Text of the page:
In May 2021, the Asian Development Bank (ADB) —one of the region’s biggest energy financiers— made some big announcements. In a new draft energy policy, the Philippines-based multilateral bank pledged to cut down all financing of fossil fuels.
Environmental groups regarded this decision as an important step in the fight against climate change. However, the new policy still leaves some doors open for fossil fuel activities.
Although the bank will suspend financing for new coal projects, ADB will continue to finance gas projects in certain cases, like when there is no access to electricity in the area or where renewables are not as cheap.
In the draft, ADB says it “may finance natural gas projects (including gas transmission and distribution pipelines, terminals, storage facilities, gas-fired power plants, natural gas for heating and cooking)”.
ADB’s policies on conditional funding of gas “could allow as much as 78% of the Bank’s gas finance since the Paris Agreement to continue, for a total of $700 million per year” said Susanne Wong, a Senior Campaigner at Oil Change International (OCI), a research and advocacy organization focused on the cost of fossil fuels.
This would be out of sync with climate science, Wong added. If the world wants to achieve the critical figure of net zero emissions by 2050, there can be no new carbon, oil and gas projects from now on, said the IEA in a May, 2021, report.
“We’re very concerned that the ADB will interpret the gas conditions very loosely and allow most of its gas finance to continue,” Wong added.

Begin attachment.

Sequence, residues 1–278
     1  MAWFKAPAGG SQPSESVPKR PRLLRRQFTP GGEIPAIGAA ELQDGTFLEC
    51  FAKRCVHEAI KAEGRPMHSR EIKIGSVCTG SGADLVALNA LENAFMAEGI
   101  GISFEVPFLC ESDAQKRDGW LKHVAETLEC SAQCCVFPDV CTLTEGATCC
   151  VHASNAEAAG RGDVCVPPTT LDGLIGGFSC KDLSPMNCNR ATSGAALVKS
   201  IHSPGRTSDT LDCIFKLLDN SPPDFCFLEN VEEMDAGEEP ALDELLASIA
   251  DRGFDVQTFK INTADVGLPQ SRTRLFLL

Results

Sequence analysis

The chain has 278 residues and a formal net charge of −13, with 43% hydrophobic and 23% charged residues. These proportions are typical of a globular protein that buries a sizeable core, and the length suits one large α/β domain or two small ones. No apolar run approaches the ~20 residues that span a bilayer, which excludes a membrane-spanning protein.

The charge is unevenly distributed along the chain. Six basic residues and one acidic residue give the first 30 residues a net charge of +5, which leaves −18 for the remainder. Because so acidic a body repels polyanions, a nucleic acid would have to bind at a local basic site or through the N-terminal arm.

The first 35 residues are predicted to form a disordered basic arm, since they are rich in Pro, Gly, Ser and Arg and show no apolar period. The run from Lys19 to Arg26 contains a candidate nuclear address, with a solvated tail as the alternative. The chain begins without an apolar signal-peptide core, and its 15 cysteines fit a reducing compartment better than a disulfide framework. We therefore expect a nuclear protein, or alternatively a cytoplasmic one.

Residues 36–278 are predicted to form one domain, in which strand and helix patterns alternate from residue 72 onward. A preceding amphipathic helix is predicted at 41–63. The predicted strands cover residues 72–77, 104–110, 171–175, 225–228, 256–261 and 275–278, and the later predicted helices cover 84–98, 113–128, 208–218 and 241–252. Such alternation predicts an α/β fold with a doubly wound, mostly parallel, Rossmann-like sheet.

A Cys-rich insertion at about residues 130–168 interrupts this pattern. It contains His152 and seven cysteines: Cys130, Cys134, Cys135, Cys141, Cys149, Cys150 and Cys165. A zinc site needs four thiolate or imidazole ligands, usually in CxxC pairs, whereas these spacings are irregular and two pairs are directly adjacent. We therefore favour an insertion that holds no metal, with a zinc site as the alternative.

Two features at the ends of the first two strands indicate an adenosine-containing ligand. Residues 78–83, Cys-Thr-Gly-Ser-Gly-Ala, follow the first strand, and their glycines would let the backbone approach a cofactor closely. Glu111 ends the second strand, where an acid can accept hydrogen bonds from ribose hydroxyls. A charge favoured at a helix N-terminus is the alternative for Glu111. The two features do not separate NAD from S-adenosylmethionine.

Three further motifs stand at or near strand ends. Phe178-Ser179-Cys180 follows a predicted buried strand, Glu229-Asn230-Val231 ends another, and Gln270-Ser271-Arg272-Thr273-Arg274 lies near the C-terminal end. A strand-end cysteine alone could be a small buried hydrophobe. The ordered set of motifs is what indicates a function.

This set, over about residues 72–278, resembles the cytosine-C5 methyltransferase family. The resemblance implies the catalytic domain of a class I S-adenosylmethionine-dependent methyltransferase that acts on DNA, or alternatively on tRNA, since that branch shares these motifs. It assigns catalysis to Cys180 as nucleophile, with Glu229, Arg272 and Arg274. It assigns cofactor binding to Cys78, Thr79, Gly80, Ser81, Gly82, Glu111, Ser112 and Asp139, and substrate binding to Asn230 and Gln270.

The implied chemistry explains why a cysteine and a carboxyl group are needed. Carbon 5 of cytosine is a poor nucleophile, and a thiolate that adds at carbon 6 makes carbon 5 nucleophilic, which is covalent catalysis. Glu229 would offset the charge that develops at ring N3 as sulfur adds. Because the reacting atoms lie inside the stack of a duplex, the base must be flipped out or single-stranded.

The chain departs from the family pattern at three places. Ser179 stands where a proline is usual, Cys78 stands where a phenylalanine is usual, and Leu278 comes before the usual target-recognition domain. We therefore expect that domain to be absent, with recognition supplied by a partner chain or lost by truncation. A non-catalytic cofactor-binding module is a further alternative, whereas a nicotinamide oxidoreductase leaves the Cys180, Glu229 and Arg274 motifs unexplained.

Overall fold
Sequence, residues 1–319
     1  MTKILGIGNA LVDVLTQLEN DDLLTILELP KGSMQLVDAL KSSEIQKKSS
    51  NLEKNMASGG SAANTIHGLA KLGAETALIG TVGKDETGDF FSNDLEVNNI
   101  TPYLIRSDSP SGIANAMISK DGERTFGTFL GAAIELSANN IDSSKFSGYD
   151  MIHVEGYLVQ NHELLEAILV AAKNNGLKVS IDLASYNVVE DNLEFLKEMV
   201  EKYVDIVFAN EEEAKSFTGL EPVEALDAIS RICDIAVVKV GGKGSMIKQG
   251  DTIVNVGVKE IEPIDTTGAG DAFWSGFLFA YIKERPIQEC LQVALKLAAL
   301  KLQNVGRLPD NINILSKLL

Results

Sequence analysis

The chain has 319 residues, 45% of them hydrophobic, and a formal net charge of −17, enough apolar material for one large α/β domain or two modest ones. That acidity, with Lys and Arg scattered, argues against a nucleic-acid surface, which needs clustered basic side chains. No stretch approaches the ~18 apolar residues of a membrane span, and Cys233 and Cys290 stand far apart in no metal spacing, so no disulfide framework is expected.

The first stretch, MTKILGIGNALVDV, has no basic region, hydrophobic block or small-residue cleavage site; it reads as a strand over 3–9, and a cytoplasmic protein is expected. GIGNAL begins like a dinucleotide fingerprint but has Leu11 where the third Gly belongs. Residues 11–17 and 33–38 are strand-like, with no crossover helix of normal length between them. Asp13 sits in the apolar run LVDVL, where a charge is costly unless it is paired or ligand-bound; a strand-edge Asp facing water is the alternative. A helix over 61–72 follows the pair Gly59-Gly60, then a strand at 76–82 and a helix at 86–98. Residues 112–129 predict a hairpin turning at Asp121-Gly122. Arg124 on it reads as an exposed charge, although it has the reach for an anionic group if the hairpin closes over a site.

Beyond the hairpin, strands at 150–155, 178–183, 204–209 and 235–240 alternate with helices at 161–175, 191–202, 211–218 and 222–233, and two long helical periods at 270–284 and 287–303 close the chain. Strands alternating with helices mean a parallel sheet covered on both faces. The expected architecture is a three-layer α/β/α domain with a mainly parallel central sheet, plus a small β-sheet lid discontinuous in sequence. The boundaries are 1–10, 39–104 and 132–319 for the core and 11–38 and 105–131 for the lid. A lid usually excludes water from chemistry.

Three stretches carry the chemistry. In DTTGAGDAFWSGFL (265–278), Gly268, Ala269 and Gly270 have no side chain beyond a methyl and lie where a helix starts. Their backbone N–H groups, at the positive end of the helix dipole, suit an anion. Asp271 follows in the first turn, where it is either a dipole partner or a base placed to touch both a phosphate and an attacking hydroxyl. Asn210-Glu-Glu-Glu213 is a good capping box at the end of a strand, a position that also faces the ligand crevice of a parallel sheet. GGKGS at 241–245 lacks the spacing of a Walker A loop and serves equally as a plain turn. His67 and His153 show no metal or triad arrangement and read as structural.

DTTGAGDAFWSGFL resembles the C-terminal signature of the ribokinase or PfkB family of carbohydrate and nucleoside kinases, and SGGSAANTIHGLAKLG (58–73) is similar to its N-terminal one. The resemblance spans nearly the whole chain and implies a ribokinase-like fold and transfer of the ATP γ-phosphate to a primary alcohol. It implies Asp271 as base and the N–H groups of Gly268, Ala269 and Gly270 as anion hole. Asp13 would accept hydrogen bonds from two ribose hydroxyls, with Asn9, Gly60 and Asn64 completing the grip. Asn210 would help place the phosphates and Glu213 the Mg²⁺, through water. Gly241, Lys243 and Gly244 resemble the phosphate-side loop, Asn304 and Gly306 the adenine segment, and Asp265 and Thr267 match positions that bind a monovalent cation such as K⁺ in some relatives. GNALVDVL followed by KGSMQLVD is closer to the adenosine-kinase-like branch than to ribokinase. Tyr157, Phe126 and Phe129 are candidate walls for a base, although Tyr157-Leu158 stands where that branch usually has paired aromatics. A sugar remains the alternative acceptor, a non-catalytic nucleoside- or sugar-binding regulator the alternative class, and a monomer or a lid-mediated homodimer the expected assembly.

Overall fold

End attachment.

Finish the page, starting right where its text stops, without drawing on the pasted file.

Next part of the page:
After being consulted, the bank defended gas projects in these particular conditions. “Gas can play a balancing role to support intermittent renewable energy and increase access to clean cooking and heating,” the bank’s Chief Energy Sector Group, Dr Yonping Zhai told Climate Tacker.
Currently, the primary energy supply in the Asia Pacific region is coal. But Wong added that the buildout of gas infrastructure is the biggest concern, since new coal infrastructure is becoming less profitable.
ADB is preparing studies to build a 1,600km gas pipeline across Turkmenistan, Afghanistan, Pakistan and India. Wong explained that the Bank has also backed fossil gas imports and power plants in the Philippines and Bangladesh, among other countries.
The bank has channeled massive funding into Asia’s energy sector. In the last decade, ADB channelled $42.5 billion into the energy sector across the region.
The bank’s new draft energy policy is open to public consultation. A final version is set to be finalised later this year.
ADB’s new energy policy came in light of “global commitments on climate change, the changing landscape in the energy sector, and ADB’s Strategy 2030”, according to the draft.
The bank’s Strategy 2030 takes into account the Sustainable Development Goals (SDGs) and the Paris Agreement, the main international treaty that aims to contain global warming to 2°C.
Titled ‘Energy Policy: Supporting Low Carbon Transition in Asia and the Pacific’, the draft seeks to revise the bank’s Energy Policy, which hadn’t been updated in 12 years.
In ADB’s words, it’s 2009 Energy Policy “is no longer adequately aligned with the global consensus on climate change”.